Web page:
Thursday, December 31, 2009

Worldwide Triumphs For LGBT Rights: A Top Five

Okay, so it hasn't all been good news. California was a disgrace; Maine, too. And the idea that Maggie Gallagher continues to speak is horrendous. But we did have some high spots on the subject of LGBT rights around the globe, so let's take a moment to wallow in the sunshine of what might someday be:

NUMBER FIVE: The Nepali government invited Jennifer Pizer, the Marriage Project Director of Lambda Legal, to advise them on how to create a legal framework for LGBT equality. Pizer spent two weeks in the Nepali capital speaking with the eight-member group of legislators and researchers, and that committee is currently reviewing other countries' pro-equality legislation. They will turn their suggestions in to the Nepali Government in 2010.
The committee was formed by court order in 2007, when the activist group The Blue Diamond Society successfully petitioned the Supreme Court for legal recognition of transgender people, measures to address violence against the LGBT community and reparations for LGBT people who were victims of state violence.
This committee is a landmark in the making for international law-- especially considering no other country has considered reparations for LGBT victims of violence.

NUMBER FOUR: This one, well, I'm holding my breath because I don't trust a group of haters like the Catholic Church as far as I can throw them.
At any rate, moving away from the Catholic Church's usual anti-LGBT-anything stance, the Holy See spoke out against human rights abuses based on sexual orientation at a United Nations panel: "[The Holy See] opposes all forms of violence and unjust discrimination against homosexual persons, including discriminatory penal legislation which undermines the inherent dignity of the human person."
Now, let's put aside all the wrongs committed by the church against the LGBT community and look at just this one statement. There is power in those words because this religious, and let us not forget, political, body has diplomatic ties with no fewer than 177 countries.
And this meeting was groundbreaking not only because of the Holy See's statement, but also because it shed light on the connection between U.S. conservative churches and the homophobic legislation that is spreading like wildfire through Africa.
With the addition of an unexpected ally--one which I think we should keep a close eye on--we can look for good things from the international community in the new decade.

NUMBER THREE: The breaking news that a Lebanese judge has ruled homosexual acts are not "against nature." Lebanese activists have long been campaigning to overturn Article 534, which outlaws sexual acts "against nature"--whatever that means. The law has been used to persecute lesbians and gay men, and researcher Nizar Saghiyeh found that it was used in about 50 different cases over the last five years.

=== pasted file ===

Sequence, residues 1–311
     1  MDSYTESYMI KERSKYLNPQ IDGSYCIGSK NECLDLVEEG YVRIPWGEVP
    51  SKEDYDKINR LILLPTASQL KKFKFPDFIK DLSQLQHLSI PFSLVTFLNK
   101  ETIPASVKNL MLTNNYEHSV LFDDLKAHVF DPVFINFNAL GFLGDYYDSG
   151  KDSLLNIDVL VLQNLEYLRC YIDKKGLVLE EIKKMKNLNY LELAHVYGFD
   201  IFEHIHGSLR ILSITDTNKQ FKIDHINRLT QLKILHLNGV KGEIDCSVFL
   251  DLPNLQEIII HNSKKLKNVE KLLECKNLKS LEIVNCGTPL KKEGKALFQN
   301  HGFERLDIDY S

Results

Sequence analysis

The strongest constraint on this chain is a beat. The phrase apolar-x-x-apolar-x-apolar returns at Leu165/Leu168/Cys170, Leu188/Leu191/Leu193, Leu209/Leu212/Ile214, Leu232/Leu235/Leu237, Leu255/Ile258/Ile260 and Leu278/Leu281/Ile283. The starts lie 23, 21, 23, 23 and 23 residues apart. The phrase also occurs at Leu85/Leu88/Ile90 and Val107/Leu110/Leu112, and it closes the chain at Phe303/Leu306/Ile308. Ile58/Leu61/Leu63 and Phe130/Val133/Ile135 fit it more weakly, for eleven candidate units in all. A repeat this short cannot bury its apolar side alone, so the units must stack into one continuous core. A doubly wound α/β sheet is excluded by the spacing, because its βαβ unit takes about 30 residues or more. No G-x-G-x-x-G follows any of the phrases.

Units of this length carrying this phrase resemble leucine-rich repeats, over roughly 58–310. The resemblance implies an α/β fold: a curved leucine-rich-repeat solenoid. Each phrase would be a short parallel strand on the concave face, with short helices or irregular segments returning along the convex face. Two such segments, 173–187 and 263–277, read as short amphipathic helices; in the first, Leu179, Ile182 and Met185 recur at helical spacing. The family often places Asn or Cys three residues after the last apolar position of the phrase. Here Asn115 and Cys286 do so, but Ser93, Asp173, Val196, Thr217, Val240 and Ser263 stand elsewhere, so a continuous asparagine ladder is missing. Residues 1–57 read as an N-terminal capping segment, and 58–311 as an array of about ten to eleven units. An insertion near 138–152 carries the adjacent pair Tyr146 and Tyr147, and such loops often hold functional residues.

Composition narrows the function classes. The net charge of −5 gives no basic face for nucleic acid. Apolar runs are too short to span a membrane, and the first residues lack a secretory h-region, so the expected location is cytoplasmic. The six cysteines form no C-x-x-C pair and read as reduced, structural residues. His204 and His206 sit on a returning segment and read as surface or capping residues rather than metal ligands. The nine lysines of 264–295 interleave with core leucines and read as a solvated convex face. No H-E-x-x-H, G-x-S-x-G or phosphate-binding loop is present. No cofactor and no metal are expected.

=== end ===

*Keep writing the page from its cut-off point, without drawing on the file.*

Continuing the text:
When Saghiyeh brought the law to the attention of the courts in the northern city of Batroun, the city judge ruled that the law was inapplicable based on its vagueness. Ya think?
"The concept of the ‘unnatural’ is related to society’s mindset, customs and its acceptability of new natural patterns," reads the verdict. The verdict goes on to refute the idea that any human act can be "unnatural" since humans are part and parcel of nature.
Part and parcel of nature. Amen!
There is speculation that the ruling has the potential to overturn Article 534 completely, since Batroun has now set a precedent in legal writ, and Lebanon appears to be following in the footsteps of the Number Two triumph of the year ...

NUMBER TWO: The High Court of New Delhi declared that the Indian equivalent of sodomy laws, code section 377 which outlawed "carnal intercourse against the order of nature," was not applicable to same-sex acts between consenting adults. This is a big win for the LGBT community in India, and has even been dubbed "India's Stonewall."
The Naz Foundation India, which raises awareness about HIV/AIDS, first brought the case to court eight years ago. After a series of repeals and appeals, they finally succeeded in getting this historical ruling.

NUMBER ONE: Not wanting Mexico to beat them to the punch, Argentina allowed two men to wed in the first same-sex marriage ceremony ever in Latin America. The lucky couple, Jose Maria Di Bello and Alex Freyre, had tried to marry in Buenos Aires earlier in the year, but were refused by city officials. Since Argentina's constitution does not explicitly endorse or forbid same sex marriage, the states have a jumble of different precedents that resemble the mess in the U.S. fifty.
So Maria Di Bello and Freyre traveled to the capital of Tierra del Fuego state, Ushuaia, and received a warm welcome in this southern city. After the ceremony, the government of Tierra del Fuego actually sent out wedding photos of the two men, and the governor called gay marriage "an important advance in human rights and social inclusion" and affirmed, "We are very happy that this has happened in our state."

So, let's not sit and bemoan California and Maine, DADT and DOMA, and so many other issues facing the LGBT for now. Today, let's pop the cork on a bottle of champagne. The world is changing people, slowly but surely.


Stan in NH said...

Nice list. Well thought out and presented. Thanks for putting it together and putting it in perspective. Very informative stuff.

Mark in DE said...

"The world is changing people, slowly but surely."

Yes, this thought is what keeps me from cracking up and going postal some days.